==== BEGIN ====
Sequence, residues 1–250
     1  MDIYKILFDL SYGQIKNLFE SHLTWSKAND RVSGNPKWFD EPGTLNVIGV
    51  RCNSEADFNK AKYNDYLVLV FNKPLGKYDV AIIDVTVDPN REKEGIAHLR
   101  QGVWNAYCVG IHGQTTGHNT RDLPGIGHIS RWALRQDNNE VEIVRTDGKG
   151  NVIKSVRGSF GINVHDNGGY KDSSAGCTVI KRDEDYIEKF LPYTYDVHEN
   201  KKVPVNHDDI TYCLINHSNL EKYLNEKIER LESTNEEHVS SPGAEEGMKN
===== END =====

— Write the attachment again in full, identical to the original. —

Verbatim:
Sequence, residues 1–250
     1  MDIYKILFDL SYGQIKNLFE SHLTWSKAND RVSGNPKWFD EPGTLNVIGV
    51  RCNSEADFNK AKYNDYLVLV FNKPLGKYDV AIIDVTVDPN REKEGIAHLR
   101  QGVWNAYCVG IHGQTTGHNT RDLPGIGHIS RWALRQDNNE VEIVRTDGKG
   151  NVIKSVRGSF GINVHDNGGY KDSSAGCTVI KRDEDYIEKF LPYTYDVHEN
   201  KKVPVNHDDI TYCLINHSNL EKYLNEKIER LESTNEEHVS SPGAEEGMKN